I’ll cut to the chase: most of us suck at walking.
In her book Move Your DNA Katy Bowman describes walking as “controlled falling”, in that most of us simply fall from one foot to the next, rather than focusing on using our butt muscles to drive us forwards.
I’ve written about the benefits of walking, and more importantly how much we should be aiming to do, but now it’s time to make sure you get maximum ‘bang for your buck’ from your walks.
Here are some simple stretches, exercises and changes you can make to your walking technique to ensure you’re actually using your glutes when you’re out and about!
Release Tight Hips
Too much time sitting means tight hips. When we sit our legs are lifted in front of us, and these muscles at the front of the hips can get tight. This means when we walk and we want our legs pushing off behind us, the tightness at the front can restrict that.
Here’s a simple test to see if you have enough mobility for your bum to effectively pull your leg back.
Lie face down on the floor. When your pelvis is neutral (which is where it should be) then your pubic bone and the two most prominent, forward boney points on the side of each pelvis should all be level. So when you lie down you should feel an equal pressure on all 3 points.
Keep your head down, and lift one leg off the floor, using your glute muscles. How high can you lift your leg? Does the pressure on these 3 boney points remain the same or does your pubic bone lift up? Do you have to work your stomach muscles to keep it down?
Ideally you want to be able to lift your leg behind your body without having to work to keep your pelvis level. If you do, then when you walk you’re likely to compensate for this tightness by arching the lower back instead.
Stretch your hip as in the video below. Make sure you keep a neutral pelvis- squeeze your glute to almost tuck your bum under, and make sure you stay upright, rather than leaning forward. Raising your arm to bend slightly takes the stretch a little deeper. Hold for 30 seconds, or until the stretch eases off.
Strengthen Your Glutes
Follow this with some exercises to strengthen your glutes. This blog includes some simple exercises to help build strength for running, and they are equally useful for walking.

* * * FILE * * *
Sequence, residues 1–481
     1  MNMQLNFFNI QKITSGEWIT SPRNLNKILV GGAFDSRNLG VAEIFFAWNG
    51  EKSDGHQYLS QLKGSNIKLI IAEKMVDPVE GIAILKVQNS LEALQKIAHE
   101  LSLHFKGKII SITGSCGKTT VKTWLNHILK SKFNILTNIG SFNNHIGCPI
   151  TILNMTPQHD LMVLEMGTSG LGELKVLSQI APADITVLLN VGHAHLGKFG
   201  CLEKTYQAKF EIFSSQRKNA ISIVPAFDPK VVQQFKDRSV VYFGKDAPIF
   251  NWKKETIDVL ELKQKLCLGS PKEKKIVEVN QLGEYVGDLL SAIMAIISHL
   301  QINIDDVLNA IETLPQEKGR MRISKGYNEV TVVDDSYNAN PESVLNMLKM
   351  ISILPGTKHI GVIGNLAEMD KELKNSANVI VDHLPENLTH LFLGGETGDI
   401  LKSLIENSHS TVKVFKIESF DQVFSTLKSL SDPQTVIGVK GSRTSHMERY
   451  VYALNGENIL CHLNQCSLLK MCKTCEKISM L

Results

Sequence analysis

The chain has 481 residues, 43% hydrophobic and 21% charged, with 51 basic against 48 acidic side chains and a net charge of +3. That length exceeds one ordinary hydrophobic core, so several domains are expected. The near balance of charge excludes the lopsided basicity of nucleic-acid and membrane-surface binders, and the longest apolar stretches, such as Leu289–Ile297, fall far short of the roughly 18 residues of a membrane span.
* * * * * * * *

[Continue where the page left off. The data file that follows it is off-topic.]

Your choice of footwear has a huge impact on how you walk. As this picture shows even a small heel can alter your whole body’s alignment. This means joints getting more wear and tear and muscles not working at their best.
So a flat shoe is advisable, with a flexible sole because reduced foot movement will also affect how your muscles are loaded. However if you’re used to wearing more supportive shoes please transition slowly, to give your muscles time to adapt; the book Whole Body Barefoot is all about transitioning to minimalist footwear. And if you wear orthotics or have any joint problems please consult your physio/ osteopath/ chiropractor for advice.
Vary Your Terrain
So much of our walking is on flat artificial surfaces. Including a variety of gradients in your walk challenges your muscles in different ways. For example walking uphill requires more flexibility in your calf muscles, and works your glutes more, and the variety means less repetitive strain on your body.
Uneven terrain is good too, especially if you’re in minimal shoes. Walking over lumps and bumps is good for the feet and more challenging to the body than a flat surface, meaning a better workout!
Get off the treadmill
When you’re on a treadmill the belt carries your foot back for you, reducing the work for your butt muscles and increasing the work for the muscles at the front of your hip, which have to pull your leg forwards. This is the opposite of what we want, especially if you’ve spent too much time sitting at a desk or in a car!
If you do have to use a treadmill, make sure it is on an incline of at least 1%, to force you to push off a little and challenge the glutes.
And regardless of where you are, try to walk through the whole foot with a smooth rolling movement. Keep your head over your shoulders, rather than projecting it forwards (or looking down at a phone), and your arms should have a smooth swing, pushing back more than forwards.
For more specific exercises to help improve your flexibility, strength and posture, find out more about personal training.